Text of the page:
How to select a financial planner who supports you

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Many physicians choose to manage their finances on their own, although they would benefit from working with a financial planner. So why are doctors reluctant to hire a professional counselor?

An important factor is the lack of confidence or worry that they will take advantage of. Another concern is hiring a counselor who may not have the appropriate training, knowledge and experience. It is even more difficult to determine if an advisor has your best interests at heart.

So what can you do to find a financial advisor who offers the same level of care and dedication that you provide to your patients?

If you’re wondering where to start, here are some tips.

Does an advisor have to be a fiduciary?

First of all, what is a trustee? By definition, a fiduciary financial planner is required to put the best interests of the client first, always, based on rigorous standards set by the SEC. Advisors who are not Trustees are only held to a lower “standard of suitability”. Being a financial advisor doesn’t have to be a fiduciary, but hiring a fiduciary advisor is the right choice.

Let’s see why, by examining the non-trust financial advisers employed by insurance companies. These advisers earn large commissions for the sale of the company’s products, especially proprietary products. So, are they selling what’s best for the customer or the product that earns the highest commission? Trustees do not face this challenge – they should have the best interests of the client at heart.

The bottom line is that there is no reason to go with a non-fiduciary advisor, who can just sell you what is good enough, rather than going with a fiduciary.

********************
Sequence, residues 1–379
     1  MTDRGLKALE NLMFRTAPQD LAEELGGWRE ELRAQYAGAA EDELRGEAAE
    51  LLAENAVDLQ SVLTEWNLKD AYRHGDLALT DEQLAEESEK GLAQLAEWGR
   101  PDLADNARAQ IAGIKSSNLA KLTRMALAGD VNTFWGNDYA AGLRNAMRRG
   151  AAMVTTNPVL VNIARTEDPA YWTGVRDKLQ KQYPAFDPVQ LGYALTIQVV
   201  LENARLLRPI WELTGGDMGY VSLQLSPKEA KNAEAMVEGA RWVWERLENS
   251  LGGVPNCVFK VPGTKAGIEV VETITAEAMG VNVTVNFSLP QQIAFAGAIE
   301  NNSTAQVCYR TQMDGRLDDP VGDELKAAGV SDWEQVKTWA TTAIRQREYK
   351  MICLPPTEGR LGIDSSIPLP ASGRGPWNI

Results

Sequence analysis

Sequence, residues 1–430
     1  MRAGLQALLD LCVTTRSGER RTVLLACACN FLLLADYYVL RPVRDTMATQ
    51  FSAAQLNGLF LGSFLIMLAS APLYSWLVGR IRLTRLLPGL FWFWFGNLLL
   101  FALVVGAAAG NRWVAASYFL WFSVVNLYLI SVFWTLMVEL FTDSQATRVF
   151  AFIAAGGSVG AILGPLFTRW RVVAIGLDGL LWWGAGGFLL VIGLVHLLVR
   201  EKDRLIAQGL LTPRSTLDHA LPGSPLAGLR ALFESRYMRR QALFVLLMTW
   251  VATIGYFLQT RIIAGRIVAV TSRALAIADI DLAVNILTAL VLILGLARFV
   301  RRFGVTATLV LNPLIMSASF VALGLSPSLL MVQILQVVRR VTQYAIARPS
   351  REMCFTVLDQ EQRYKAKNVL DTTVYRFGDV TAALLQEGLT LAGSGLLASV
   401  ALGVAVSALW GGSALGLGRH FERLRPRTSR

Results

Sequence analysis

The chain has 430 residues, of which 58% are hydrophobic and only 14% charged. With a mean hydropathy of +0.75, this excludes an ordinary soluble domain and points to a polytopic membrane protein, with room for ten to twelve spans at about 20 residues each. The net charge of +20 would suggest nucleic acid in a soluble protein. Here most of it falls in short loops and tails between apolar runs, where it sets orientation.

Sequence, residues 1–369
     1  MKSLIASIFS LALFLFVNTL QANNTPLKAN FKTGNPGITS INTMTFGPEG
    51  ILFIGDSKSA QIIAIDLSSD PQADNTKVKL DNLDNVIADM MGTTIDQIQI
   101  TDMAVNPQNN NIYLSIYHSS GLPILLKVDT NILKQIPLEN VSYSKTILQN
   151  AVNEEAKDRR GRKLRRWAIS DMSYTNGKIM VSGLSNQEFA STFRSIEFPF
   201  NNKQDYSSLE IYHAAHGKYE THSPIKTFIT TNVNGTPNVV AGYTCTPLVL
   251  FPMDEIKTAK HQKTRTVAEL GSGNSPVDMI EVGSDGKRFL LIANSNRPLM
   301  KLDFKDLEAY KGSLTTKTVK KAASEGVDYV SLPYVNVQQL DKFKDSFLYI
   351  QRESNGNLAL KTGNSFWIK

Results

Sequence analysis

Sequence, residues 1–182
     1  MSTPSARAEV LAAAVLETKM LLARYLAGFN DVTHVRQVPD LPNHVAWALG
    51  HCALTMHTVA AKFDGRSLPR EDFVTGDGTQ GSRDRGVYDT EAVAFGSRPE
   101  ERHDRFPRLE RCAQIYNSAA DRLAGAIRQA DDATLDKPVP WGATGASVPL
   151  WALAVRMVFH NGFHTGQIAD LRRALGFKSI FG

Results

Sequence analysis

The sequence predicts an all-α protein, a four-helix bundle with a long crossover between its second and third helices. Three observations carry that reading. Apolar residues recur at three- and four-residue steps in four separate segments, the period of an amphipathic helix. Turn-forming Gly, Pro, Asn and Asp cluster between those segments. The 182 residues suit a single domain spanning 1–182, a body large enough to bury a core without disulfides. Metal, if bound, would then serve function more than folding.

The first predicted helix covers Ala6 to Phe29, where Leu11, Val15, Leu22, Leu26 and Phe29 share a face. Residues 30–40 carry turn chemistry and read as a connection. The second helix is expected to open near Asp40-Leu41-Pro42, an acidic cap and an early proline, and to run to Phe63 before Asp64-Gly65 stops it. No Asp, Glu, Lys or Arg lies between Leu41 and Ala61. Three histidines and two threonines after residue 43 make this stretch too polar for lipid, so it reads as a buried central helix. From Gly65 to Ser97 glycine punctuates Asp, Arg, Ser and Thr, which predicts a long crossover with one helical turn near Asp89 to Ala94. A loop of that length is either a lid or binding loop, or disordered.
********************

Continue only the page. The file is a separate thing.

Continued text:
Designations and training

Unlike medicine, there is no training, experience, experience, or certification required that qualifies someone to provide financial advice. One way to assess an advisor’s education and experience is to know their professional designation.

The gold standard for financial planning is the CERTIFIED FINANCIAL PLANNER â„¢ designation. Other strong designations are the Personal Finance Specialist (PFS), which is awarded to CPAs, and the Chartered Financial Analyst (CFA). Other certifications probably require a lower level of knowledge and are not authoritative. Even more, beware of advisers without any designation.

Investment strategy

Most well-trained financial planners follow the academic principles of portfolio construction of the CFP program. However, strategies may differ from company to company. For example:

  • Illiquid investments: Some investments, such as private equity and real estate syndication, will be stuck for a period of time, often years. In addition, these products often carry large commissions, but hidden or vague. Make sure you are comfortable with this advice before you accept it.

  • Amount of exchanges: Studies have shown that the more trading is done in portfolios, the more likely it is that it will underperform the market, making it worse for you. Find out if a potential advisor’s trading philosophy matches yours.

Understanding Compensation Models: Commissions vs. Fees

Different methods of compensation for planners can be confusing, especially what it means to be paid only in relation to not paying only. First, let’s say you hire a trustee. Next, let’s take a closer look at the pros and cons of each type of compensation.

Fee-only fiduciary advisers

Paid-only fiduciary advisors only accept compensation directly from clients, never from other sources, such as disability or term life insurance providers. When paid advisers recommend such products, they should refer them to an insurance agency.

The most common fee-only financial advisor structure is to charge a percentage of assets under management, commonly referred to as AUM. This puts the advisor on the same side of the table as the client: if the financial advisor’s fees increase with your account balance, you both win when the value of your portfolio increases.

Other less common paid compensation methods include a one-time commitment fee, hourly scheduling fees, and monthly or annual (or subscription) fees.

Upside down : There is no temptation to direct customers to products for which they will receive commissions.